In the current post, I will show that the "unknowability hypothesis" - which is the basic epistemological assumption of Barth - is logically vacuous, and defies the Law of Non-contradiction. We are reminded that any proposition that contravenes the Aristotelian Law cannot be true.
Suppose, for a reductio, we accept the proposition that p = "God is unknowable" is true. In fact, let us agree with the Barthians concerning the unknowability of God that p = "God is X" is true, where X is an attribute of the noumenal God which is unknowable, and therefore, not known and can never be known. We agree, for argument sake, that we are ignorant of some truth concerning God (i.e. that p) which can never be known via Scripture (or by any other means for that matter). And so we suppose that p is true but not known to be true; then (p ∧ ¬Kp) is true.
Therefore, in accordance with the "unknowability of God" hypothesis, Barthians claim that (p ∧ ¬Kp) is true. (2) Furthermore, they know that (p ∧ ¬Kp) is true, that is, ◊K(p ∧ ¬Kp). (3) Now, this is extremely difficult for any logical mind to receive. How can we know that p ∧ ¬Kp? If knowing a conjunction entails knowing the conjuncts, then K(p ∧ ¬Kp) entails Kp and K¬Kp. Now knowledge entails truth (or more accurately, justified true belief), so K¬Kp entails ¬Kp, which is a contradiction for Kp. So, by reductio ad absurdum, it is not possible that K(p ∧ ¬Kp). We have hereby refuted the "unknowability of God" hypothesis of Neo-Orthodoxy.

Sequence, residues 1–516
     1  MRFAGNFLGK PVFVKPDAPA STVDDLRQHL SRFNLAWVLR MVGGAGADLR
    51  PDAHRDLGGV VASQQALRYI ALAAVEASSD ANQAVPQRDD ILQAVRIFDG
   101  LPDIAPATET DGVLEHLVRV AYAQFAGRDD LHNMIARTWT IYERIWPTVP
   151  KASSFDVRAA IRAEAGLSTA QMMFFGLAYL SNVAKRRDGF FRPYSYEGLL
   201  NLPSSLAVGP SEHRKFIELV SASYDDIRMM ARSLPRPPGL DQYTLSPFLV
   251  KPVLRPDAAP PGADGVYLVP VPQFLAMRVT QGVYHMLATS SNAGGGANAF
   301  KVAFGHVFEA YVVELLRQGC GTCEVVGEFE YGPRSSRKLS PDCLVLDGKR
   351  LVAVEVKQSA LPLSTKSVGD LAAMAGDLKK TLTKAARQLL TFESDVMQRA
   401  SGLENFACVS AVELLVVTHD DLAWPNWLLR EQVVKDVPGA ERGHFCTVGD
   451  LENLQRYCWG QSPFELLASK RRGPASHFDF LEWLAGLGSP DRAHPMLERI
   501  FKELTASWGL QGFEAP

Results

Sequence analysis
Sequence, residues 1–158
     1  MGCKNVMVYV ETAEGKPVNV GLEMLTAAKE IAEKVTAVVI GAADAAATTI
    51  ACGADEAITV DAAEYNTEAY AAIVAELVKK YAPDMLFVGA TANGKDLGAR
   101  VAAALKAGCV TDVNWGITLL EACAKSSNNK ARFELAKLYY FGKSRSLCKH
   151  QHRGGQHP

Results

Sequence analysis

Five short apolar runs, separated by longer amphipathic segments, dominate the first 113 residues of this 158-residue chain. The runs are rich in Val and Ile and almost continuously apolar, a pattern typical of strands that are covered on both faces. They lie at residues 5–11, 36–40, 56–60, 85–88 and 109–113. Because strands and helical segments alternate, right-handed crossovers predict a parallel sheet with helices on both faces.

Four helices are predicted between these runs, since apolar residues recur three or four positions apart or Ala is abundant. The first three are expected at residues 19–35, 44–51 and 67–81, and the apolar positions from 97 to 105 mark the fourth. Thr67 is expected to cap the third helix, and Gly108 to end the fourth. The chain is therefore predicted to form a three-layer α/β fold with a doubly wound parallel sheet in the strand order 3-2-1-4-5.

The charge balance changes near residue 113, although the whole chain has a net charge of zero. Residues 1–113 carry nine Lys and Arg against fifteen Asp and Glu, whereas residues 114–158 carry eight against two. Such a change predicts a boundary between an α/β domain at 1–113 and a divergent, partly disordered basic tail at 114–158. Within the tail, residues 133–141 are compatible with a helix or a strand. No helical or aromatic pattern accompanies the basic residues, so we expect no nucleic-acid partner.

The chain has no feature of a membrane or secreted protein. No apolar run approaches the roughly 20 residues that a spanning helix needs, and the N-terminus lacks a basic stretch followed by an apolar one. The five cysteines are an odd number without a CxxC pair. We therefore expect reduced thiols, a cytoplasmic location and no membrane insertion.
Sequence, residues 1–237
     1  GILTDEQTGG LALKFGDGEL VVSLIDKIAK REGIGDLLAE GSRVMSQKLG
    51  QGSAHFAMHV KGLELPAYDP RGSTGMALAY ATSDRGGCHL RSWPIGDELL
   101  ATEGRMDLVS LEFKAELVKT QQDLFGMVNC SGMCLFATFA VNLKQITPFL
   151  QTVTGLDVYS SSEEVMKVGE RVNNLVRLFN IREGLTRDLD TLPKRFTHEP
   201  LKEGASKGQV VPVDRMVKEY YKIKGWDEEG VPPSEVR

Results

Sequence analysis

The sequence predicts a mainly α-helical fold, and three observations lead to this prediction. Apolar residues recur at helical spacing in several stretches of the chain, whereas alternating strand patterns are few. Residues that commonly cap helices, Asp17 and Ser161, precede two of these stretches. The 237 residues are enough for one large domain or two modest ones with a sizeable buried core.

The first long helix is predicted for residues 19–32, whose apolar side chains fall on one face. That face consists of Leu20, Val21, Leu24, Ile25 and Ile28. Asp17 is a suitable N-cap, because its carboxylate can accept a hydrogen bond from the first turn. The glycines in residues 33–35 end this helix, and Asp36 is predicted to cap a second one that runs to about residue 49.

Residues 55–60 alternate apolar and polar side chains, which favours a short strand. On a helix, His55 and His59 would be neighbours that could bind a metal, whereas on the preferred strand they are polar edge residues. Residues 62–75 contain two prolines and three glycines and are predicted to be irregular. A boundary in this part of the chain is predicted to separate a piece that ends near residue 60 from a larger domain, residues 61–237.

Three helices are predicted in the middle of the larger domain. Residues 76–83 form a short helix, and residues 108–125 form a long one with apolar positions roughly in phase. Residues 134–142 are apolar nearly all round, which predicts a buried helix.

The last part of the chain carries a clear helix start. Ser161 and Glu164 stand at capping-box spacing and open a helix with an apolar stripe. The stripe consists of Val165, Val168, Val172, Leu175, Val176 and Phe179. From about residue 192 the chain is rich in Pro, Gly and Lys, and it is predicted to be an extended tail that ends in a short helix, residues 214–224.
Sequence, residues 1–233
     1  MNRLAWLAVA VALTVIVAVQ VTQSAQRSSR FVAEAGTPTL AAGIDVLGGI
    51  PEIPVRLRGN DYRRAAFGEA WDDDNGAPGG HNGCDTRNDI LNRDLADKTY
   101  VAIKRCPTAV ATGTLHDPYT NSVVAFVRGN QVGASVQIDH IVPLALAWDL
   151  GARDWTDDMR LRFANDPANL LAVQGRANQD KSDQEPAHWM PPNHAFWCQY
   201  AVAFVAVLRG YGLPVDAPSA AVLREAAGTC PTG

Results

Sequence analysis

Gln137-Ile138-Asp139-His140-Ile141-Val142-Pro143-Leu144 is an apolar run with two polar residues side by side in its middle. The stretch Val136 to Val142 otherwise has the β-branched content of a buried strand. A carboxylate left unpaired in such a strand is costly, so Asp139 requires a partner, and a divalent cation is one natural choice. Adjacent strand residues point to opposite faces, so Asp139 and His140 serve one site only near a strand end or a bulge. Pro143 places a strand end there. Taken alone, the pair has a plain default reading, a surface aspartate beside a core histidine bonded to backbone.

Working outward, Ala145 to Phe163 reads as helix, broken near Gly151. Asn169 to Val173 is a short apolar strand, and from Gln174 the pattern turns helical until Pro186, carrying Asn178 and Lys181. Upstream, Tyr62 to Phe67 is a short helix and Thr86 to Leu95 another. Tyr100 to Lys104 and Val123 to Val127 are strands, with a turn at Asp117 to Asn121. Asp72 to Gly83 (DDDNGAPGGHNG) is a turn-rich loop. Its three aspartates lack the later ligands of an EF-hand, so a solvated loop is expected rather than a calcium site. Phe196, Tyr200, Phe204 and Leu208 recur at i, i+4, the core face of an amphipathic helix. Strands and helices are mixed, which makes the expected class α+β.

To further elucidate the problem of the unknowability hypothesis, we understand that the basic premise of Neo-Orthodox epistemology is K(p ∧ ¬Kp). If p = "God is X," and X represents any attribute which is unknowable of God, then the Barthian's denial of the knowledge of X would paradoxically mandate the knowledge of X. Let us say that p = "God is unknowable." We have seen that Barthians insist that p ∧ ¬Kp is true. Knowledge of p ∧ ¬Kp would entail Kp and K¬Kp i.e. knowing that "God is unknowable," and at the same time, knowing that "God is unknowable" is unknowable. This is a contradiction of the Law of Non-contradiction. In other words, if the Barthian claims that they do not know that p, they must also admit that they know that p.
The onus is therefore on those who insist that "God is unknowable" to show that their epistemological presuppositions are logically viable and coherent.
1. The "Unknowability of God" hypothesis is basically the belief that God, who belongs to the noumena, is unknowable to the mind of man. This must be distinguished from the Reformed understanding of "Finitum non Capax Infiniti," or "the finite is unable to contain the infinite." The Latin phrase should be understood within the context of the Incarnation of Christ. As Frame had aptly commented, "In the incarnation, Calvin argued, God was manifested in human flesh. However, because nothing finite can completely contain the infinite (finitum non capax infiniti), Christ is also active outside the flesh of Jesus. No less than Luther, Calvin insisted that God wills to be known only in Christ. But he did not believe this meant that God is revealed only in the incarnation; Christ, the eternal Word, also operates outside the work of Jesus. Lutheran critics of Calvin's Christology called this the extra calvinisticum." (John Frame, "Incarnation," in The Westminster Handbook of Reformed Theology, ed. Donald K. McKim (Louisville, KY: Westminster John Knox Press, 2001), 120.)